Training Your Puppy to be a Diabetic Alert Dog

Training Your Puppy to be a Diabetic Alert Dog. My training manual is in
workbook format with links to online resources, training videos, recommended
products,how to use collect and use scent samples, forms to track
scent training,training checklists, and much more. 122 pages.

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Monday, September 14, 2009

"Leave It"

Thanks go out to Rachel, the author of this post and the Mom in the best puppy-raising family ever! The family is "starting" another diabetic alert dog and Rachel shares here the process of teaching "leave it" - one of the most important behaviors you can teach your dog. Dee

In thinking through the list of commands that a service dog might need, it is probably wrong to say that any one of the commands is more important than another; YET, "leave-it" just might be the most important command you could ever teach your dog.

Diabetic alert dogs are encouraged to use their noses - and that *could* get them into trouble, if the handler is not ever-vigilant and if the dog is not trained to be attentive to the handler. SO, one of the earliest behaviors to catch and reinforce and build is 'watch me'. It has been best for us to have both an automatic "watch me" - the dog 'checks in' with you routinely- as well as a cued 'watch me'. If the dog sees something curious or exciting or inviting, he should immediately look to his handler. The handler should be ready to give the command 'leave it' if the dog needs to be discouraged from the object of his attention.

Having a very solid "leave it' could save your dog's life - and, it is a must when taking a service dog into a restaurant! (or anywhere in public)

Our family recently observed just how invaluable this command is as a young pup who is visiting with us struggled with temptations of crumbs on the ground while we were dining out. So, we began to work on this command.

To start teaching "leave it", we needed: JD (4 month old British lab from Wildrose Kennels in Oxford, Mississippi), a handler, a helper, a kibble of dog food, a few small bites of Vienna sausage, and a clicker, of course! Abi sat on the floor with JD, her fist very lightly closed around the piece of dog food. I stood, holding JD's leash with the bites of Vienna sausage on a desk nearby and a clicker in hand. JD naturally wanted the bite of dog food in Abi's hand. He sniffed and located the temptation - immediately he began to try anything within his means to get that little kibble. He nosed her fist, he pawed her fist, he worked earnestly at getting that little piece of dog food. I waited patiently - AS SOON AS (timing is VERY important) he stopped trying to get that temptation and looked at me to help him figure out what to do, I clicked and offered the Vienna sausage. He was surprised and grateful, but immediately began to retry for the kibble in Abi's hand. As soon as he stopped trying and looked at me, click and treat. With each click, the amount of time he spent working to get the forbidden bite lessened. Within the first few attempts, he barely even sniffed or looked Abi's direction, but rather offered a crisp sit and 'watch me'. This was a good stopping point! Never push the pup too far when introducing a new concept!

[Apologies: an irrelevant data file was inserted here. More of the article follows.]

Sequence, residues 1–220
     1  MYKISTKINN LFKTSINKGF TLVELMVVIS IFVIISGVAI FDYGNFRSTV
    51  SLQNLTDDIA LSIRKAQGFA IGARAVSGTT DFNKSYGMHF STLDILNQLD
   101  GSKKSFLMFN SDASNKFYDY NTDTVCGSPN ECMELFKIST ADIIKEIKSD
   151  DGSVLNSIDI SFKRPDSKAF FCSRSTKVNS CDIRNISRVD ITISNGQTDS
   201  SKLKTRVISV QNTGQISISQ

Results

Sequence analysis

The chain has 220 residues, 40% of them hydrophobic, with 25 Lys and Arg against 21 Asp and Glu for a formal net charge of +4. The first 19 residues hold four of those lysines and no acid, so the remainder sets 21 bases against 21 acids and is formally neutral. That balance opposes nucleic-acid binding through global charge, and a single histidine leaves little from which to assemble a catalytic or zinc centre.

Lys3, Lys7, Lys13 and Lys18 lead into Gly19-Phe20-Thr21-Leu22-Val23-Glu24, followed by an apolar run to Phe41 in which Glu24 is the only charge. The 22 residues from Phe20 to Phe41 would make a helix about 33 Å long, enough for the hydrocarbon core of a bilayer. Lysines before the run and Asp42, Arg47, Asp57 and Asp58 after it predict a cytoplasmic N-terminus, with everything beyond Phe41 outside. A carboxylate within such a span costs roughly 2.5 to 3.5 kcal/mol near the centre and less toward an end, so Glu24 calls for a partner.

We will continue to work on this behavior. In time, we will give it a name, "leave it". In time, the temptation will not be in Abi's hand but directly on the floor in front of him and in time, we will not be stationary, but walking slowly on lead. And, in time, after a great many 'leave its', this behavior will become an automatic response to any item on the ground. Along the way, we will work in various locations and vary the delivery of treats. Ultimately we will, of course, fade the treats.

But, today's training was successful and we were very proud of JD's session.

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